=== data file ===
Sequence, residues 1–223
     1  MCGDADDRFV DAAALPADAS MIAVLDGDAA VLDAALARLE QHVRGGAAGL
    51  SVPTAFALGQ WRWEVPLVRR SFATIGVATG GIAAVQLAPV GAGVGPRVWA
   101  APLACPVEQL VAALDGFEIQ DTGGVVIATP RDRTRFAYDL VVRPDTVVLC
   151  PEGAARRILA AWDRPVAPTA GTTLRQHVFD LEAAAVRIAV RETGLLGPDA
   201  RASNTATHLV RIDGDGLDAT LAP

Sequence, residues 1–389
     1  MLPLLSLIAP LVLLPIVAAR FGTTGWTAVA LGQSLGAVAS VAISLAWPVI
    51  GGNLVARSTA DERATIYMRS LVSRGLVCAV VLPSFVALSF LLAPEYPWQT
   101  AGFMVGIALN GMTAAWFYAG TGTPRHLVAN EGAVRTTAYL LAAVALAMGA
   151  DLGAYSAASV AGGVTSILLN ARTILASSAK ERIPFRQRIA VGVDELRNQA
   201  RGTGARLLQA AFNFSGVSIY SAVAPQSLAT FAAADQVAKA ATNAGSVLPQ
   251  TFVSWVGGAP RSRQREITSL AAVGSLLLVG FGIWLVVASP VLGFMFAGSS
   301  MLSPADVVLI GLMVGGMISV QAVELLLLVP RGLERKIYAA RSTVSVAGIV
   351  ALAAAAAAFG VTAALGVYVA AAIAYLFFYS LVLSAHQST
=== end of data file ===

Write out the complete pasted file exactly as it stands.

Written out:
Sequence, residues 1–223
     1  MCGDADDRFV DAAALPADAS MIAVLDGDAA VLDAALARLE QHVRGGAAGL
    51  SVPTAFALGQ WRWEVPLVRR SFATIGVATG GIAAVQLAPV GAGVGPRVWA
   101  APLACPVEQL VAALDGFEIQ DTGGVVIATP RDRTRFAYDL VVRPDTVVLC
   151  PEGAARRILA AWDRPVAPTA GTTLRQHVFD LEAAAVRIAV RETGLLGPDA
   201  RASNTATHLV RIDGDGLDAT LAP

Sequence, residues 1–389
     1  MLPLLSLIAP LVLLPIVAAR FGTTGWTAVA LGQSLGAVAS VAISLAWPVI
    51  GGNLVARSTA DERATIYMRS LVSRGLVCAV VLPSFVALSF LLAPEYPWQT
   101  AGFMVGIALN GMTAAWFYAG TGTPRHLVAN EGAVRTTAYL LAAVALAMGA
   151  DLGAYSAASV AGGVTSILLN ARTILASSAK ERIPFRQRIA VGVDELRNQA
   201  RGTGARLLQA AFNFSGVSIY SAVAPQSLAT FAAADQVAKA ATNAGSVLPQ
   251  TFVSWVGGAP RSRQREITSL AAVGSLLLVG FGIWLVVASP VLGFMFAGSS
   301  MLSPADVVLI GLMVGGMISV QAVELLLLVP RGLERKIYAA RSTVSVAGIV
   351  ALAAAAAAFG VTAALGVYVA AAIAYLFFYS LVLSAHQST